The Changing Face of Personal Computing

Personal computing, mobility, tablets, cloud, BYOD, smartphones and other technologies are altering the way people work.


In my last column, I wrote about the changing definition of Personal Computing. The PC isn’t going away. It is still a productivity workhorse and the center of most computing tasks. I argued it is becoming the center of a growing ecosystem of complementary devices that synchronize data through the Internet cloud, replicating among smartphones, tablets, and soon, wearable computers.

What’s different today?


    • Mobility. Authors write on tablets with wireless keyboards as they travel. Tablets are well suited for reporters and columnists because they have long battery life, quick on/off, Internet access through a cellular or Wi-Fi connection, and cloud backup and synchronization to PCs. Traveling salespeople and executives can do presentations from a tablet rather than tote a laptop with them. The growth of mobile applications has also driven adoption of smartphones and tablets.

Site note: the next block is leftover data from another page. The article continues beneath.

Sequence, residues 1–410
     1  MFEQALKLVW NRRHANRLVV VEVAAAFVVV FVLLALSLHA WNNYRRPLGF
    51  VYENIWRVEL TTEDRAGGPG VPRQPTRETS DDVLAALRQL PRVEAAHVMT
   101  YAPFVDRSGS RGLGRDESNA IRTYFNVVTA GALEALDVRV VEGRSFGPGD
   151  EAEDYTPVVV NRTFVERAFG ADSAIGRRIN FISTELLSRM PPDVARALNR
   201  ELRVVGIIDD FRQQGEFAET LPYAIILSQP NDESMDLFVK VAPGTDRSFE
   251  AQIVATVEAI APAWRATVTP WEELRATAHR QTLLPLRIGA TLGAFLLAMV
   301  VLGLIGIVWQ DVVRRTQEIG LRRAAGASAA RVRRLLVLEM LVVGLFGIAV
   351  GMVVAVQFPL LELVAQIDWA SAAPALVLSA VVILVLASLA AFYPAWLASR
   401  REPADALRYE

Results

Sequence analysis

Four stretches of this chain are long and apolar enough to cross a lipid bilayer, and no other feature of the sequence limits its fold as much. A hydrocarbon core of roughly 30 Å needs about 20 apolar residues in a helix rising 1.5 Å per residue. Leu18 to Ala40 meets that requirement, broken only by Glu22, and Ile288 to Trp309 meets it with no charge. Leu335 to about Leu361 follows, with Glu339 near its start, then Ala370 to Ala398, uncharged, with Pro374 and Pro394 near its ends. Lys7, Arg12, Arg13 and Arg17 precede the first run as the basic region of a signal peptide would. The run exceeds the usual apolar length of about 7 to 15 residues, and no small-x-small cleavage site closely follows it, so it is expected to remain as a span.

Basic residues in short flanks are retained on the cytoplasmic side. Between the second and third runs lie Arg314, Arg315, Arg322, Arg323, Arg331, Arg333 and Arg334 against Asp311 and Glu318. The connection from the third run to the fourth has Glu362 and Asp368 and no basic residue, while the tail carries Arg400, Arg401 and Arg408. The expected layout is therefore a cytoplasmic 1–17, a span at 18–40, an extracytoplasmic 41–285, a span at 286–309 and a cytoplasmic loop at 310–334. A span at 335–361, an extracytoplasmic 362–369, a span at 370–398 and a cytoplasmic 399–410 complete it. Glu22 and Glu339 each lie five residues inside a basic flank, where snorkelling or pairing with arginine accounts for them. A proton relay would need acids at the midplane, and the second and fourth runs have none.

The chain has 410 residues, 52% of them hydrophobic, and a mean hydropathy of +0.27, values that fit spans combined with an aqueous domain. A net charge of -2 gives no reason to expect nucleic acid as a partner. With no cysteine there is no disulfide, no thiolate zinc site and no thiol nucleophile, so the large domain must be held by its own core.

• Computing everywhere. We want access to the Internet for news, entertainment and social connections all the time. Consider people who are Internet addicted and have difficulty prying themselves away from their smartphones and tablets.


    • Changing hardware. Many of the tasks performed on PCs are migrating to smartphones and tablets. This is particularly true for mobile applications such as photo-taking, e-book reading and music/video playback. Thousands of customers have given up their cable TV plans in favor of watching TV and movies from streaming Internet sources like Netflix. Smartphone and tablet processing power and storage are catching up with the PC. The PC advantage in pure horsepower has dramatically eroded. The latest Windows 8 hybrid tablets have similar specs to PCs with Intel Core I series processors and as much as 8 GB of memory. Disk storage still lags in solid state drives (SSD) with the largest drives typically maxing out at 256 GB, a quarter of the 1 TB drives commonly installed in PCs.


Ironically, hybrids of tablets and laptops will bring about a consolidation of personal computing into fewer devices. They can be used like a PC at a desk, used like a tablet when mobility is required. My favorite examples of these designs are the Lenovo Twist and the Lenovo Helix. The Helix is interesting, because the screen is the computer, a tablet that detaches from a base. When on the base, it functions like a traditional Windows 8 laptop. When off the base, it is a Windows 8 tablet.